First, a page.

The picture above of the Leucosperum pincushion flower from our garden at Victor Harbor is from the archives. It was made with a Rolleiflex 6006 with close up lenses in the studio space at our home in Encounter Bay. The downstairs space had good natural light. Unfortunately, that space is no longer available for studio photography, and the studio equipment has been moved into a storeroom off the garage.

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Adelaide, archives, black + white, critical writing, photography, publishing

Adelaide Art Photographers 1970-2000

October 23, 2019

Whilst I was working on the Mallee Routes photobook for the December exhibition at the Murray Bridge Regional Gallery I was also working with Adam Dutkiewicz to complete the Adelaide Art Photographers book –forementioned in blog posts here and here–for Moon Arrow Press. The book is nearly finished. Adam and I visited the printers —Openbook Howden— in Adelaide yesterday to sort out some technical details, obtain a quote, and have a sample print of the cover made to check the blacks and the appearance of the font.

There is still some fine tuning to be done, but we expect the pdf to be sent to the printers towards mid-November, with the book printed by Xmas. It will be launched in early March 2020 at an exhibition of photos in the book at the Royal South Australian Society of Arts in Adelaide. Copies can be purchased earlier through Moon Arrow Press.

This is the revised front cover of Adelaide Art Photographers with its referencing the 35mm Kodak film strips of the 20th century without its flap:

front cover

The book is a companion volume to the previously published Abstract Photography (2017) by Moon Arrow Press in 2017. The Adelaide Art Photographers book is around 180 pages. There are 20 photographers who have 6 pages for their portfolios and 1 page for their profiles. There is also an essay on aesthetics, which is understood in terms of a critical philosophy of art in the cultural context of the anti-aesthetic. The latter understood aesthetics to mean judgements of taste about the formal beauty of art; with the modernist autonomy of art being understood as a (negative) freedom of art from social determination in a capitalist society.

The anti-aesthetic movement in this period was reacting against Greenberg’s modernist reinterpretation of aesthetic autonomy into the task of medium self-definition through purification. This was via the transposition of the concept of aesthetic autonomy into a linguistic register in literary modernism–with T. S. Elliot being the main influence on Greenberg here. This modernism rejects the past, established art forms and their typical ways of being practiced in favour of some new manner of art making; it affirm this new manner as the uniquely appropriate way, of practicing a kind of art expressive of the modern world.

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Adelaide, archives, black + white, film, topographics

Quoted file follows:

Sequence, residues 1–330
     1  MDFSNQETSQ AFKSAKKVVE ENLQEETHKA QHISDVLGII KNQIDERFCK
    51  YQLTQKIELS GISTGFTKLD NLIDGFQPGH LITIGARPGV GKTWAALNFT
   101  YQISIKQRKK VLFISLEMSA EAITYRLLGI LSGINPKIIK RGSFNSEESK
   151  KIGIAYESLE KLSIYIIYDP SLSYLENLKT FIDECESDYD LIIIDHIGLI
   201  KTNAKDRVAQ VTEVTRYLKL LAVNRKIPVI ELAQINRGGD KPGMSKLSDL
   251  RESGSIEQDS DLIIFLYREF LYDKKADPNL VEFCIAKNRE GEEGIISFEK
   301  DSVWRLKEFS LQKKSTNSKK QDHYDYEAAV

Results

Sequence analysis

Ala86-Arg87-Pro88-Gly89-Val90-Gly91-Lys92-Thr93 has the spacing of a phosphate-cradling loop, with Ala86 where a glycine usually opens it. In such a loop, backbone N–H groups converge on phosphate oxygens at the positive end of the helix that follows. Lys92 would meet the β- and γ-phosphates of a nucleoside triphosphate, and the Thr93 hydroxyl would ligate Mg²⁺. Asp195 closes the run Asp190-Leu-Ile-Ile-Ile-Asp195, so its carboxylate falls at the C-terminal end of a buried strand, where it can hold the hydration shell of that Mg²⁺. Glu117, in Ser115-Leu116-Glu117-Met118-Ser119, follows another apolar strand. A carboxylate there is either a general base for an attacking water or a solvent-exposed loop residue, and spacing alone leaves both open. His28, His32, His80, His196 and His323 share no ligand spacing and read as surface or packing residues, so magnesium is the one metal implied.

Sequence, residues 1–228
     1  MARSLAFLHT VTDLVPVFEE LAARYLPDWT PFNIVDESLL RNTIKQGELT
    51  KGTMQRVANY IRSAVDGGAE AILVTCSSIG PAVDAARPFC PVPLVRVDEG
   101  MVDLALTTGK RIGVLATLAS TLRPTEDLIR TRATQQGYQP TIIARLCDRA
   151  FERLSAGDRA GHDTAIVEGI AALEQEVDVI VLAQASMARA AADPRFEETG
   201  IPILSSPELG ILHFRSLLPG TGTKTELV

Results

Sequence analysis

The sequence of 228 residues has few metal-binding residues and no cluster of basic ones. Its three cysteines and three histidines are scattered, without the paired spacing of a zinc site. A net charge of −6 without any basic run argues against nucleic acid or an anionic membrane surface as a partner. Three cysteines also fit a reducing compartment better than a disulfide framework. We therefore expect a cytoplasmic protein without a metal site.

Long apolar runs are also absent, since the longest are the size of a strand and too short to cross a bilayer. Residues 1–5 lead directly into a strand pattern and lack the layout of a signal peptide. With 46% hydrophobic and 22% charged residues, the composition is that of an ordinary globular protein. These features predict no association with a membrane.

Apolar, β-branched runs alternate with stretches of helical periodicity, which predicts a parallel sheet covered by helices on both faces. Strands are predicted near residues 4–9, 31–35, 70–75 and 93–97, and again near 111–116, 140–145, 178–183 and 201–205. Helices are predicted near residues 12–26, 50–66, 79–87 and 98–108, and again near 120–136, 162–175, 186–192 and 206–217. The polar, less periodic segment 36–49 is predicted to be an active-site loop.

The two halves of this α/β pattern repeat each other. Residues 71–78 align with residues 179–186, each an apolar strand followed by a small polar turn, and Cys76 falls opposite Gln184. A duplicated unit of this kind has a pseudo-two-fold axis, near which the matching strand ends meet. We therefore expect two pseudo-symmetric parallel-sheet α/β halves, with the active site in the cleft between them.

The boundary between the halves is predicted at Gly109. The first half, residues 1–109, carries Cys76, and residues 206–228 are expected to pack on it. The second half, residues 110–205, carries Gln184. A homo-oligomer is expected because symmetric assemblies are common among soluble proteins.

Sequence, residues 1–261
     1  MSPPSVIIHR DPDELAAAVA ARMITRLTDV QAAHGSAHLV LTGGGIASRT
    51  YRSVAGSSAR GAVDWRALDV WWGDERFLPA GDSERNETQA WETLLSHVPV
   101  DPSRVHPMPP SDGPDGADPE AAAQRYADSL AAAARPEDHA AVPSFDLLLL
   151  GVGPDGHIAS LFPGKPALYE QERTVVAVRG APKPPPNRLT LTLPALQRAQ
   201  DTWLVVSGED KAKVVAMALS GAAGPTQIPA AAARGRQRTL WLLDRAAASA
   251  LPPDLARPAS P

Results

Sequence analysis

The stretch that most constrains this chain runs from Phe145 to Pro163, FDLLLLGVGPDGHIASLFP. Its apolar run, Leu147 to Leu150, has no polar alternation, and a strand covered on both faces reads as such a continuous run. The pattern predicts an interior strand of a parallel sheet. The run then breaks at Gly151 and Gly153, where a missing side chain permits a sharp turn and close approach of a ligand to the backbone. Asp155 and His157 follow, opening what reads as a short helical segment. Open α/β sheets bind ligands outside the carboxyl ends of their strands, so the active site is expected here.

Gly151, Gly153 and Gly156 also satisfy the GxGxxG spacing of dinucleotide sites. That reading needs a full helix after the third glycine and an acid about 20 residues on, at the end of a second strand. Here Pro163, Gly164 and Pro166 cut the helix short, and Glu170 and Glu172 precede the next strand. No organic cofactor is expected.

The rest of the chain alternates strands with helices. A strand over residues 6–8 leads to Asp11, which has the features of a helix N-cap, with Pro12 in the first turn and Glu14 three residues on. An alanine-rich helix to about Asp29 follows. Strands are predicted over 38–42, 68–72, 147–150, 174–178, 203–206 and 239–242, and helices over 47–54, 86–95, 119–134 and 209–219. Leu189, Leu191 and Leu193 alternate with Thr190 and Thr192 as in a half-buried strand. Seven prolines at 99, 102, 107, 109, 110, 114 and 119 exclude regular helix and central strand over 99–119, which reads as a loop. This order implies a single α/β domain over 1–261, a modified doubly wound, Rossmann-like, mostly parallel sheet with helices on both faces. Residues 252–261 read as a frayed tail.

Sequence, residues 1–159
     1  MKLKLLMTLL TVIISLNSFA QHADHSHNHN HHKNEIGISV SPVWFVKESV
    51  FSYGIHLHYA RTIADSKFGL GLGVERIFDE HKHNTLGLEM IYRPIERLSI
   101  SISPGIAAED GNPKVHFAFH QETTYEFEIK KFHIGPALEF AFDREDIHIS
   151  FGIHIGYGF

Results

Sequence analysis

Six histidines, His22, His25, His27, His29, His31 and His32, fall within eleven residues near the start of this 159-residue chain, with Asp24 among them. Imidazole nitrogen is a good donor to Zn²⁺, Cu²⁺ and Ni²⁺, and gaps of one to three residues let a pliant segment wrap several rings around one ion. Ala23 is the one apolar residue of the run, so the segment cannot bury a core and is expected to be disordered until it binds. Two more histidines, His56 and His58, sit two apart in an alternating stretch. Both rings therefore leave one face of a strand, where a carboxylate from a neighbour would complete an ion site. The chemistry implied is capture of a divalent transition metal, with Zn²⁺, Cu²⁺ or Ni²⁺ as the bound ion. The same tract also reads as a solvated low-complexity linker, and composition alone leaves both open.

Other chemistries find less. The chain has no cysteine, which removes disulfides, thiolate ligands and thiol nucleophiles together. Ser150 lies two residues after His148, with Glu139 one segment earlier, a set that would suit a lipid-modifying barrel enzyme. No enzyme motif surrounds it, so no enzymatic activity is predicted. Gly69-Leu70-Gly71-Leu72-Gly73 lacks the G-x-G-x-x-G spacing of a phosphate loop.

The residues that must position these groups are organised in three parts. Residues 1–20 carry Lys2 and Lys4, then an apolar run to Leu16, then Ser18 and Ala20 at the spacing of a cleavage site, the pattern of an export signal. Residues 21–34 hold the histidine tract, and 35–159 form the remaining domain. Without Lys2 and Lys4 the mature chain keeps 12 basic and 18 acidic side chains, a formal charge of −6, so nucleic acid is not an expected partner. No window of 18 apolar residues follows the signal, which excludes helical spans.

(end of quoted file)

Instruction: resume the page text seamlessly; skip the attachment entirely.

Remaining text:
Adelaide Photography 1970-2000: Submissions called

November 17, 2018

I have finally picked up working on the Adelaide Photography 1970-2000 book  with Adam  Dutkiewicz that is to  be published by Moon Arrow Press.  There has been more than a year’s break from the early stages of planning  due to  other book and exhibition commitments by Adam and myself. We have just called for submissions for  the portfolios in the book,  and we are now sitting back and waiting to see what comes in from the call out.  Though it is not really clear at this early stage what kind of  work will be submitted,  the book’s explicit regional  focus  will  fill one of the  gaps in  the art history of Australian photography that has traditionally been  written  around a cumulative teleology of styles and periods.

The design of the book is simple: each photographer will be given 6-8 pages to present their work from this period,  and they will have a text  to describe their work and their biography or profile.   As there are currently around  20 photographers who expressed an interest in submitting a portfolio and there is some text, the book looks to be  around  130 pages.  The launch of the book will be at an exhibition of some of the prints in Adelaide early in 2020.

The year 2000 is a useful cutoff point  for the book because this is when photography started to go global:  the explosion of websites, art fairs, festivals, biennales, travelling museum exhibitions, catalogues, conferences, artist residencies etc associated with the international  transmission of objects,  ideas and photographers operating across the boundaries of nation states. If this meant that the hold that European and North American artists had over the production of contemporary art has been broken, that the art world has become more event-driven with biennials and art fairs in far-flung locations, then it also means the biennales are institutional sites whose ways of seeing  contain an aesthetic regime of experience.

sand dunes, Largs Bay, Adelaide

My own portfolio is structured around  my  shift from street photography to topographics. This would exclude the landscape photographs,  and it foreshadows my turn to,  and latter embrace of,  a topographical approach to still photography. The topographical  turn, which  was made during  this period,  with both the Port Adelaide series and the spatial interpretations  of Adelaide, was largely shaped by using  large format cameras.  It was a foreshadowing in the sense of my not consciously relating this to the New Topographics tradition in the US, even though I was consciously photographing  a  human altered landscape. Continue Reading…